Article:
The Rise of the ‘Everyday Landscape’
Equipment and communication infrastructure, the emerge of consumer society, the rural exodus and growing urbanization have left a lasting imprint on the physiognomy of territories in al Western countries. On the traditional dividing line between the city and the countryside, areas with an indeterminate identity have been grafted, such as housing estates, supermarkets, warehouses. More recently these territories reveal other aspects, due to deindustrialization and economic crisis, with the extension and multiplication of urban ‘no man’s lands’. This modernization of the country has transformed landscapes and has created new ones. Facing these shifting, it seems necessary to reassess the meaning of ‘landscape culture’: a set of mental representations of concepts, images, symbols and myths shared at a time on a territory by one ethnic group or nation. La Mission photographique de la DATAR, just like the works of the New Topographics participated in this broader movement of reflection on the landscape, its definition and its future. In both cases, the goal
Earlier in the century, the cultural geographer John Brinckerhoff Jackson became one of the leading thinkers with his interest in the ‘vernacular landscape’: how American habits altered the cities’ and suburbs’ appearances. He developed his reflection from the 1950s on, particularly through the magazine Landscape of which he was the publisher and editor between 1951 and 1968, and deepened it in his essay Discovering the Vernacular Landscape (1984). According to him, the reality of daily life could not be ruled out, under the precondition that it no longer corresponded to the conception that one had of the territory. His principle was that any landscape has a cultural meaning shaped by the people, and that it reflects their lifestyle and values in a tangible way. As such, mobile homes, gas stations, and billboards became part of the landscape. Jackson’s way of considering the landscape had a crucial impact on the thinking of geographers, anthropologists, architects and visual artists. Without detailing the various collaborations that have contributed to the development of new representations of the contemporary, it may be noted here that the 1975 exhibition’s subtitle A Man-altered Landscape in this regard clearly refers to this vivid discussion ignited by Jackson. The everyday landscape was already taken up by the zeitgeist and the photographers of New Topographics tried to grasp it, like those of the Mission photographique de la DATAR.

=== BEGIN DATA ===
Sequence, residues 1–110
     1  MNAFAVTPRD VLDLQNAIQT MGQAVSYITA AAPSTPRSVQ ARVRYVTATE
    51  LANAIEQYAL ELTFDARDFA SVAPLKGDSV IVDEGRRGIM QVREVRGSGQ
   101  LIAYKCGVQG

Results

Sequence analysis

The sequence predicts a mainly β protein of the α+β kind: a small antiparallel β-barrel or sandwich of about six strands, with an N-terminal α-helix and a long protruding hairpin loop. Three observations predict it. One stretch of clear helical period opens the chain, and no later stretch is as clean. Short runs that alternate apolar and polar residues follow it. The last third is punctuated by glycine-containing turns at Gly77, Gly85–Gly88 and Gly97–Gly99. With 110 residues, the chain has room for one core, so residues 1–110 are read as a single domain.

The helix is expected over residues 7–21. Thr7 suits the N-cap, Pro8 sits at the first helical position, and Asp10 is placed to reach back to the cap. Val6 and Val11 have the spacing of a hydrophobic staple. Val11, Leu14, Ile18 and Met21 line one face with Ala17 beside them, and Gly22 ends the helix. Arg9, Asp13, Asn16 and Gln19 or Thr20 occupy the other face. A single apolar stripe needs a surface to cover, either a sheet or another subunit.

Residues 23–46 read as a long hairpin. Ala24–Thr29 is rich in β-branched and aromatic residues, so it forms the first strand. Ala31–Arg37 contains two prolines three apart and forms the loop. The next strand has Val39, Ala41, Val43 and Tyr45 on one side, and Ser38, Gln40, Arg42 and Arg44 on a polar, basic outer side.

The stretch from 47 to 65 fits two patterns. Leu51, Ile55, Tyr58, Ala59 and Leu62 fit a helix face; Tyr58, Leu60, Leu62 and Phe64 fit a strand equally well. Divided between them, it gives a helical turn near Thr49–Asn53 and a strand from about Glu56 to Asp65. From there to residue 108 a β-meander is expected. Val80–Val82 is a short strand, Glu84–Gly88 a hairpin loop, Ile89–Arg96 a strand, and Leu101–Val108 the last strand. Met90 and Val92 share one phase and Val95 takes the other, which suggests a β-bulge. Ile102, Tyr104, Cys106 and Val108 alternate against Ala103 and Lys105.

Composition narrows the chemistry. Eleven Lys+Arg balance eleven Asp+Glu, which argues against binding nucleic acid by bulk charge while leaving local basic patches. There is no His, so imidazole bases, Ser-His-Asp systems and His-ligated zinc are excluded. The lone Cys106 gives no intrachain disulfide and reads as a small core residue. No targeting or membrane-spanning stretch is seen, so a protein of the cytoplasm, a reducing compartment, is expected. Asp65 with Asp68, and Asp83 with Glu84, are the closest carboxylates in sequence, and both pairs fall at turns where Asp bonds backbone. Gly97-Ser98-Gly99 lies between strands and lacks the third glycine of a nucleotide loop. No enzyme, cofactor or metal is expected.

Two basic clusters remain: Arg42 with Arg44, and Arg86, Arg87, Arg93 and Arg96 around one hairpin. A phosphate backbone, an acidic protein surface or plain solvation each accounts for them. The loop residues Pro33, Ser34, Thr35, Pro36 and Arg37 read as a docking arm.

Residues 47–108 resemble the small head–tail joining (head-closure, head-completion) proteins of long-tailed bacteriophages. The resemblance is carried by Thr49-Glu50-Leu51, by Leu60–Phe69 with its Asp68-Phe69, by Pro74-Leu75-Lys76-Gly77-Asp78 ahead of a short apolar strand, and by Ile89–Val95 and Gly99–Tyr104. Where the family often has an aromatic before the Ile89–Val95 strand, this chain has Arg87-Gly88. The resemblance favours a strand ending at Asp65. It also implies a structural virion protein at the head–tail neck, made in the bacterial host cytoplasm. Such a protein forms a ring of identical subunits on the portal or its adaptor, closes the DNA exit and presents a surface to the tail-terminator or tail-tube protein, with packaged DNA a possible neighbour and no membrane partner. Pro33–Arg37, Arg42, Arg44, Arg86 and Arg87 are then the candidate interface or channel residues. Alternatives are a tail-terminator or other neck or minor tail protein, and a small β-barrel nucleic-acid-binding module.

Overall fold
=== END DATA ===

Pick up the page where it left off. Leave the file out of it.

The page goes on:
In the same way, the French project took part in an intellectual movement that exceeded the needs of the DATAR as an institution or the limits of the photographic field, with the emergence of a genuine landscape policy of which the Mission photographique was one of the first instalments. Indeed, the state institution was seeking to renew the modes of perception of the territory and the landscape, and the view from the ground appears to offer much richer possibilities than the formerly used map or view from above. The choice of perspective, which involved the fragmentation of perception and definition of a frame, was understood as a political process involving ecological, economic, historical and social stakes and above else aesthetic stakes. In a text commenting on the work of photographers in the 1989 catalogue of the Mission, the French philosopher and geographer Augustin Berque stressed how these photographic works foreshadow the birth of a new culture of landscape: ‘We are witnessing at this moment the birth of another landscape. And if that’s the case, then it is better that we help its birth by learning to do and see this new landscape, instead of diverting our gaze to illusory vestiges of the past, or resign ourselves to love Big Brother the parking...’ (figs. 7 & 8)
Fig. 7 Frank Gohlke, Landscape, Los Angeles, 1974. © Frank Gohlke, courtesy Howard Greenberg Gallery, New York.